Trump’s Executive Order, a Win for Free Speech

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Often times, people protest conservative speakers, but it’s important that people can state their political beliefs. SARAH HAMILTON/GRAPHICS CENTER

On March 21, President Donald Trump signed an executive order that vows to protect student speech rights by withholding federal funds from colleges and universities that “restrict free thought, impose total conformity, and shut down the voices of great young Americans.”

As polarizing as President Trump may be, this executive order is undeniably a step in the right direction to keep alive one of the core values of being an American – free speech.

Some may say that the First Amendment isn’t in danger and that right-wingers are perpetuating made-up narratives of extremist leftists censoring student speech. Is it really a concern when conservatives like Ben Shapiro, Milo Yiannopoulos and Ann Coulter are shut down from speaking at prestigious universities? The College Republicans at the University of California, Berkeley sued the university in violation of their First Amendment rights. (The case was eventually dismissed. A settlement was later reached, with the university paying for attorney’s fees and reconsidering some of their major events policies, but not conceding that discrimination occurred.)

The intolerance for other beliefs and ideologies needs to stop. Most students at USF would agree that the school isn’t the most politically diverse. As a university that prides itself on social justice and tolerance, many of its students mostly align with the left. USF lacks a conservative presence among its students — there isn’t even a conservative club associated with the University. Much of this has to do with a fear of retaliation for different political beliefs.

Why is a hostile environment to differing political views allowed to exist within college campuses? Mark Bauerlein, professor at Emory University and senior editor at “First Things,” wrote in a New York Times op-ed that the problem of campus intolerance stems from “the relationship the [college] administration has formed with undergraduates from the beginning, especially with those from underrepresented populations.” He further writes that prestigious universities like Yale want to keep their “pledges of inclusivity and anti-discrimination and sensitivity” while trying to foster “open inquiry and lively debate.” Bauerlein, however, dismisses the belief that liberal bias is a factor of administrations’ censoring of student speech.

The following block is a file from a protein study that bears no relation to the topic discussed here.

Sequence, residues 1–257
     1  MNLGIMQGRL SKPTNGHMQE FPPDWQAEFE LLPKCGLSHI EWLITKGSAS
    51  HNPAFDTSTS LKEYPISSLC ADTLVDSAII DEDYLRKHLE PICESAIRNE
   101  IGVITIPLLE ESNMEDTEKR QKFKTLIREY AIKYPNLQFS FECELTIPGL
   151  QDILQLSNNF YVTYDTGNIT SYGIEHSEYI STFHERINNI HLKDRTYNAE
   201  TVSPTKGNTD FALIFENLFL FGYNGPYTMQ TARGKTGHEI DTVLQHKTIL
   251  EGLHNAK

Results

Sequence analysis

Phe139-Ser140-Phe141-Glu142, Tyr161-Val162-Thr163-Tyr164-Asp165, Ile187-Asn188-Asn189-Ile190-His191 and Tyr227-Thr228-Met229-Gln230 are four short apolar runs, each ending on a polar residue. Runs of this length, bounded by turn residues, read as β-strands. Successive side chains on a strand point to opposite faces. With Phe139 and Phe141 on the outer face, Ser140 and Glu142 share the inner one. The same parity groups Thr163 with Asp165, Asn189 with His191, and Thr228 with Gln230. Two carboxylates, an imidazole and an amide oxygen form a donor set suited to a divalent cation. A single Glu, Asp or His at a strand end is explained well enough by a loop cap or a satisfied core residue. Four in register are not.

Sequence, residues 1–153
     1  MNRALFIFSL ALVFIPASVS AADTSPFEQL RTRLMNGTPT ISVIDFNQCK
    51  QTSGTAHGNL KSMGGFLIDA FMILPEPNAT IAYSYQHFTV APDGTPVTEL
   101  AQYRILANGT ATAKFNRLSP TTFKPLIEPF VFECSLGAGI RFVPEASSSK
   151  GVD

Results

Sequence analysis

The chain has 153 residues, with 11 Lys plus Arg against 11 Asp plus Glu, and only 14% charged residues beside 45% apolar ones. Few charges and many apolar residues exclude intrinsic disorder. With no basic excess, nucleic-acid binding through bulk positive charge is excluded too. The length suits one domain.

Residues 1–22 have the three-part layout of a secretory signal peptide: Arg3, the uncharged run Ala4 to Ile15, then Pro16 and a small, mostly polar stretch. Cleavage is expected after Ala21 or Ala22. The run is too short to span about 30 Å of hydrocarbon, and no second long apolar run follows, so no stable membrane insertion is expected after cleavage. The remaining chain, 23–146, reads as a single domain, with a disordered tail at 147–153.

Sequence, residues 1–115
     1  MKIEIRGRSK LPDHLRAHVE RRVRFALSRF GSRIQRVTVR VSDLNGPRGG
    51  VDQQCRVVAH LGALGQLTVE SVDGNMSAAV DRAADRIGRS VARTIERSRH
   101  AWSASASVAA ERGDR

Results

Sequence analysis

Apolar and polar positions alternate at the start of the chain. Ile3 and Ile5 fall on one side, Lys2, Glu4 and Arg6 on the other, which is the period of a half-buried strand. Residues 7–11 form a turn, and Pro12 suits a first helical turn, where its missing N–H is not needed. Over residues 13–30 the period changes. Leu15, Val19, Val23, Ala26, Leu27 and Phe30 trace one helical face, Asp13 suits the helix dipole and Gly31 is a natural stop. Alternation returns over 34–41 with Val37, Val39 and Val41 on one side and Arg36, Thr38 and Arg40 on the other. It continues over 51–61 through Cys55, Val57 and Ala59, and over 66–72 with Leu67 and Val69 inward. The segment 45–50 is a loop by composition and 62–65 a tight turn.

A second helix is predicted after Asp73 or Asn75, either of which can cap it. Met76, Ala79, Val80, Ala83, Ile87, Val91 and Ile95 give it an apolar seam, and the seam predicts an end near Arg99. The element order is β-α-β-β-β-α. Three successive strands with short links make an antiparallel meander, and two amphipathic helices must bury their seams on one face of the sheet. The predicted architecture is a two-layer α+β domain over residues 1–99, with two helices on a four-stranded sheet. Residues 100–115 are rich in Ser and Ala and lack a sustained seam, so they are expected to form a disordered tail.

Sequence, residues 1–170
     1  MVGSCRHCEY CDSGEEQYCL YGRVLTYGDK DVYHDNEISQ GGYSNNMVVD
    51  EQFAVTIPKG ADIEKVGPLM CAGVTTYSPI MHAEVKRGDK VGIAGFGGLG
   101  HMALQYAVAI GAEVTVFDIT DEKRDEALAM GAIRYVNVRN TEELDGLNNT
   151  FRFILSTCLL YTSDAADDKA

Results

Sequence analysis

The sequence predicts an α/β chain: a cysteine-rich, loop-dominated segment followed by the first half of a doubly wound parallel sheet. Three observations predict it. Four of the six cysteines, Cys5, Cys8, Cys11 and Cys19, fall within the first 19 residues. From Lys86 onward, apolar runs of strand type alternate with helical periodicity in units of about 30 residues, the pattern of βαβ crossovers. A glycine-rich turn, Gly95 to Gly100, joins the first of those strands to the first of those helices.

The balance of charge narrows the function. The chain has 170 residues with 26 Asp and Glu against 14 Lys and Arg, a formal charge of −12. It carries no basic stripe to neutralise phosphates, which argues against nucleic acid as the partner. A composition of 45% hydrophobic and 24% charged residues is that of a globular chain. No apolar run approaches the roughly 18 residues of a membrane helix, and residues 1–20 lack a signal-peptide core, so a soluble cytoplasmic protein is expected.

It is naïve to believe that liberal bias does not play a role in these events. Bauerlein asserts that students “who object to the very presence of an outspoken conservative on campus” believe that administrators allowing these controversial speakers is tacit approval.

On the other hand, administrators and campus security simply standing by and allowing riots and violence to occur as justification to shut down conservative speech irrefutably is censorship.

Mitchell Langbert, professor of Brooklyn College, conducted a study on the political affiliations of faculty members at 51 of the 66 top-ranked liberal arts colleges by U.S. News and World Report in 2017. He found that none of the 51 colleges had more Republican professors than Democrats. Over a third of them had no Republicans at all. The study shows a disturbing pattern: there may be potential discrimination in hiring practices in universities. If college hiring boards appear to potentially discriminate against professors of differing political opinions, who is to say that the bias doesn’t also transfer to student and guest political speakers in colleges?

Some believe that having the federal government execute an order to enforce First Amendment protections will lead to more censorship by selective enforcement, which is when authorities, such as officers of a government agency, selectively place sanctions on specific offenders — most of the time against entities that have a disfavorable view of the authority enforcing it. However, the 14th Amendment, equal protection, protects individuals if faced with selective enforcement.

The Foundation for Individual Rights in Education, known for their defense of student speech, took a “wait and see” position on the executive order. This is a sign that there may be merit for the directive —  that it may not be just a stunt to boost popularity among his base, or even to retaliate against liberal opponents.

Here at USF, public debate and discourse is not uncommon. Petitions advocating against the increase of tuition and advocating for student health during the wildfires are just some of the activities protected under the First Amendment during this academic year. Currently, part-time faculty is exercising free speech by advocating for better compensation.

The executive order is a symbol of the political rift we as a nation currently face. As it stands today, conservative views seem to be censored the most often, but it may not be far in the distant future that liberal views may undergo the same trials of fire. This protection that the president has signed is one that should be applauded.  

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